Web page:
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Megan McArdle

Real New Yorkers Can Say Goodbye to All That

If you're born there, it feels natural, almost inevitable, to leave.
Under construction. Always.

Under construction. Always.

Photographer: JEWEL SAMAD/AFP/Getty Images

The first year I lived in New York was an utter cliche. There I was, young and fresh and terribly naive, unaware that my whole self was about to transform in ways that I couldn't even begin to imagine. It was as if I’d suddenly burst out into the light, into a whole world that was strange and wonderful and occasionally terrifying. I reached out in all directions, feeling, tasting, seeing, smelling, experiencing this incredible variety of things I’d never known existed. I formed the closest relationships I would ever have. I spoke new words and formed new wants. I tried unfamiliar foods, one after another. I learned to stand on my own and take my first steps into the world.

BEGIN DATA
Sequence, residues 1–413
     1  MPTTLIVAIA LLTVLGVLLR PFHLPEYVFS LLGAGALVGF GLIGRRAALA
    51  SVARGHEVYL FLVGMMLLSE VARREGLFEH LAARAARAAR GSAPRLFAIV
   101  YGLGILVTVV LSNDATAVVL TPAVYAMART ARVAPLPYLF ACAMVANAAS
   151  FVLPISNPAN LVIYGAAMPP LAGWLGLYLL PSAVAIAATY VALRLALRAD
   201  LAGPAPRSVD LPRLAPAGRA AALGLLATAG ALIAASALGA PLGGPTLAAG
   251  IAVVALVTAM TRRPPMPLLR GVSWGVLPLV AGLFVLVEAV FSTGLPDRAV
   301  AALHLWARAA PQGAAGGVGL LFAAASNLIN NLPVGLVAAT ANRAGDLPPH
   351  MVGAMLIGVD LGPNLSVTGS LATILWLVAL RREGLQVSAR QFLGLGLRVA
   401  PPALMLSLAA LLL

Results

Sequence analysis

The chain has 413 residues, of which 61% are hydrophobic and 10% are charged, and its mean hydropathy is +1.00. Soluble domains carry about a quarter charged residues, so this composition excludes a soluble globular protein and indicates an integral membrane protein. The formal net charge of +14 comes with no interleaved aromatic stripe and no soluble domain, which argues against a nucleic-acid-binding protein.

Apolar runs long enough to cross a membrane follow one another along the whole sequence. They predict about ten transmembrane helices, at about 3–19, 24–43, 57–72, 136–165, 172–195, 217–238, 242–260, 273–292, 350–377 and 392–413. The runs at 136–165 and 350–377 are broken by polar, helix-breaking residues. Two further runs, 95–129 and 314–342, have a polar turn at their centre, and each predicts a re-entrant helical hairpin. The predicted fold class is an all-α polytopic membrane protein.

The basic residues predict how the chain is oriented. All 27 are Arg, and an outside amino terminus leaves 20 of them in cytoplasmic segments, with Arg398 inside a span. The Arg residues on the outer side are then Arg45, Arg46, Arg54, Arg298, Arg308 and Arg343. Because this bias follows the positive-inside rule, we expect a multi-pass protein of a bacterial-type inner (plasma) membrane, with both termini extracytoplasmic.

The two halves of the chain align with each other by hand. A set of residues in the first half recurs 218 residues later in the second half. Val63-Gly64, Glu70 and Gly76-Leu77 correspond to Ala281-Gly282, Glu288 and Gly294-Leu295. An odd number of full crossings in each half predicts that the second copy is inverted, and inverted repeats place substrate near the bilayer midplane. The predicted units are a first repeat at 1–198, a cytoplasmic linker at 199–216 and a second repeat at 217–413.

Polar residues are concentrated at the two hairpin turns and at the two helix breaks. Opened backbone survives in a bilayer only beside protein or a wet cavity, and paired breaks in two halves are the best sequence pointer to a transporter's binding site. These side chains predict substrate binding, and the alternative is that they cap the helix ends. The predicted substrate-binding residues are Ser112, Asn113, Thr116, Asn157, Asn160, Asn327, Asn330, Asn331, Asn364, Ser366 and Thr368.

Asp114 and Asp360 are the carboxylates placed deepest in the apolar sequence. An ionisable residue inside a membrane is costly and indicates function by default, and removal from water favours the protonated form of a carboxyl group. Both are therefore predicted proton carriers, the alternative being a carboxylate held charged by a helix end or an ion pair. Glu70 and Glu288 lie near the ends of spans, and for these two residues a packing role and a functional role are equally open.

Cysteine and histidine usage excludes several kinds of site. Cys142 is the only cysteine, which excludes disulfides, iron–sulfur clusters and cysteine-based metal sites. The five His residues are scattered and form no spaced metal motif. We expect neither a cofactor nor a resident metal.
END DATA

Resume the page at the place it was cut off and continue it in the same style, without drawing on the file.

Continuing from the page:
I’m not speaking metaphorically. I was born in New York. Except for school, I lived there for my first 33 years. And then, eight years ago, I left my home city for Washington D.C., the legendarily poky metropolis that so neatly fuses Southern efficiency and Northern charm.